The total austerity package for the next three years, including 4.7 billion euros worth of cuts chillingly described as “not specified,” comes to 18.9 billion euros. For 2013 alone, the fiscal crunch is 9.3 billion euros, equivalent to around 5 percent of GDP. But the troika (the European Commission, the European Central Bank, and the IMF), beset by their own internal disagreements about the sustainability of Greece’s debt, pushed further, demanding greater liberalization of the labor market, including less severance pay for laid-off workers and a stricter restriction on wage growth.
This was something the Democratic Left could not stomach. Pulled in different directions by its desire not to destabilize the government on the one hand and its inability to accept what it considered destructively neoliberal labor reforms, it decided it would vote “present” on Wednesday’s omnibus bill. As Wednesday’s make-or-break vote approached, the government’s position was looking increasingly precarious. Without the 16 members of the Democratic Left, it could in theory rely on the 127 members of Nea Demokratia, plus—it hoped— enough members of PASOK for the bill go through.
In the end, the bill did pass, but with only 153 “yes” votes, seven more MPs expelled from the parties of the majority for not supporting the bill, and after a session of parliament that will be remembered, thanks to the mutiny of the parliamentary employees, as a distinctly low point in the country’s modern political history.
Despite this shameful incident, and the crowds in the street, and the populist cries and threats of communists, nationalists, and fascists inside parliament, the measures were passed. A few days later, a little after midnight Sunday to Monday, a considerably larger majority of 167 approved the draconian 2013 budget. The additional support came from members of the Democratic Left, who wanted to cement their position in the ruling coalition—a position that seemed to be slipping fast.
So the center is holding, but just barely. Recent polls put the hard-leftists of SYRIZA in first place in voters’ preferences, and the fascist thugs of Golden Dawn in third place with double-digit support. SYRIZA leader Alexis Tsipras routinely cautions potential investors that any privatized assets they buy will be taken back by the state when his party wins power. He is calling for early elections even though Greece has already held two in 2012, at great cost, and even though one of his party’s top officials recently admitted the party is not ready to govern. A SYRIZA deputy went as far, during the budget debate, as to warn ministers who have put their signatures to the Memoranda of Understanding between Greece and the troika that they may suffer the fate of the American ambassador in Libya.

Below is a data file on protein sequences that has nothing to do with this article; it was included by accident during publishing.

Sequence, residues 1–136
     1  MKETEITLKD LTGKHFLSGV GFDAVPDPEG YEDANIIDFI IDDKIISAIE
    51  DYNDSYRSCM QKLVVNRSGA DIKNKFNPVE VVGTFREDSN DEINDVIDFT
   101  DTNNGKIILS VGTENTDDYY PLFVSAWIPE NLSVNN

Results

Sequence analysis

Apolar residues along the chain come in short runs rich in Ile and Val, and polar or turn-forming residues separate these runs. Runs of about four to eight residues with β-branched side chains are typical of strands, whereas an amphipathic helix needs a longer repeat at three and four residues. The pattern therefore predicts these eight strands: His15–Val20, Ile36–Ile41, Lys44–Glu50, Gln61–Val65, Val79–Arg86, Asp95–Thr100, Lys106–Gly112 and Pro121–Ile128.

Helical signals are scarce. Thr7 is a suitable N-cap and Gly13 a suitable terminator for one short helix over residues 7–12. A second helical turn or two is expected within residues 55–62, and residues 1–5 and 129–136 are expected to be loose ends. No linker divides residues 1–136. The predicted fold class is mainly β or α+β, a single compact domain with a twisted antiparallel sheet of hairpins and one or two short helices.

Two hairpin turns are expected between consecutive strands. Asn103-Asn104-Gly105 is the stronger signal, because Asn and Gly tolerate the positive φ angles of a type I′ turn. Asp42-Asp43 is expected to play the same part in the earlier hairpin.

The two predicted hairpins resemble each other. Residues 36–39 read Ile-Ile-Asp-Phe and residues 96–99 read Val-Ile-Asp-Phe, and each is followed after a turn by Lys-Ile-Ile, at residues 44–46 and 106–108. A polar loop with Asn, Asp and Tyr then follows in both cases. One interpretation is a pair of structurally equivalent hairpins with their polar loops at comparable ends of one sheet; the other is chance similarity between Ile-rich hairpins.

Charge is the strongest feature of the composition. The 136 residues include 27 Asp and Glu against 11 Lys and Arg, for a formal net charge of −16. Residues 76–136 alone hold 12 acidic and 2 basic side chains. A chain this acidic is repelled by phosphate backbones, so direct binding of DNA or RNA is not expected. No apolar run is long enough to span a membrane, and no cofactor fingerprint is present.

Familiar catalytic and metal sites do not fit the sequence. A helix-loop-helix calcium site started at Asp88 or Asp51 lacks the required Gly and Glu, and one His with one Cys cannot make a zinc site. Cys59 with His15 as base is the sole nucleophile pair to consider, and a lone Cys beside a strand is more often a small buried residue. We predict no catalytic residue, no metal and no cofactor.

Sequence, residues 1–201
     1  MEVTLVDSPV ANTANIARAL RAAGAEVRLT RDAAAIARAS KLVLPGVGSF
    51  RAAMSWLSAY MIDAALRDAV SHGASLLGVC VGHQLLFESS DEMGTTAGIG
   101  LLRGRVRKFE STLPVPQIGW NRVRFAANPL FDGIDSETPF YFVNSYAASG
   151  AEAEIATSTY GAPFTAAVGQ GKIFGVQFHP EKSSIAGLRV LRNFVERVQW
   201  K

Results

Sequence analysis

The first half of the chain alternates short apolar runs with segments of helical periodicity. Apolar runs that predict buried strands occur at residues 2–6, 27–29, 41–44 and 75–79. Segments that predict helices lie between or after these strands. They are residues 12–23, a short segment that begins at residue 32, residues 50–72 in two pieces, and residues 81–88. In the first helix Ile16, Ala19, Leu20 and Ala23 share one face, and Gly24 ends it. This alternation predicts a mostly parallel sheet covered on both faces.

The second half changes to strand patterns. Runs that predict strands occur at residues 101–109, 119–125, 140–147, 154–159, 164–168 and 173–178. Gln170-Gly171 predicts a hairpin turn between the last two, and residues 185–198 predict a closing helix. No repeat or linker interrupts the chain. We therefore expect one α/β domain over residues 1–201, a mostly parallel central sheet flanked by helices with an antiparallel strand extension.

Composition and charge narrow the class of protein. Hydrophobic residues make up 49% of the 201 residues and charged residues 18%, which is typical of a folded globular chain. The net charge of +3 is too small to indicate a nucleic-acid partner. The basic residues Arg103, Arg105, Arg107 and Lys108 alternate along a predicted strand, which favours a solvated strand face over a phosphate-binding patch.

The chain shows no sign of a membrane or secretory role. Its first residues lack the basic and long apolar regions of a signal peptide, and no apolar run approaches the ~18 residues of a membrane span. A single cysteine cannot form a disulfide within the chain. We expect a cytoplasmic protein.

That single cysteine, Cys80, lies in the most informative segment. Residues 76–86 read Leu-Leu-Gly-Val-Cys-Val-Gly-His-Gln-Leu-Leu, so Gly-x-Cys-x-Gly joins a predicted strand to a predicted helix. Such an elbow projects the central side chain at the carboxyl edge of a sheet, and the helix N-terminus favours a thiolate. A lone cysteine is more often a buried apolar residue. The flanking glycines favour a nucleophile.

Europe’s governments know this is what is coming if the current government falls. They know the only hope for political stability and economic recovery in Greece begins, as the barest minimum, with the speedy release of the next tranche of money, accompanied by a two-year extension of the timeframe for meeting agreed-upon budget targets, which would allow the Greek economy some room to breathe.
Since the omnibus bill passed last week, what we have gotten instead is more prevarication, mixed messages, and contradictory anonymous leaks regarding the date and the size of the next disbursement. As for the rather vital issue of the sustainability of Greece’s debt, which is slated to hit 189 percent of GDP at the end of 2013, the governments of the Eurozone keep their heads firmly planted in the sand. They know that otherwise they will have to tell their voters that the only way to keep Greece in the euro is to forgive some of its debt to them.
So the sorry saga continues, Greeks sinking ever deeper into despair, and the likelihood of what is so euphemistically referred to by analysts as an “accident”—its leaving the Eurozone—grows greater by the day.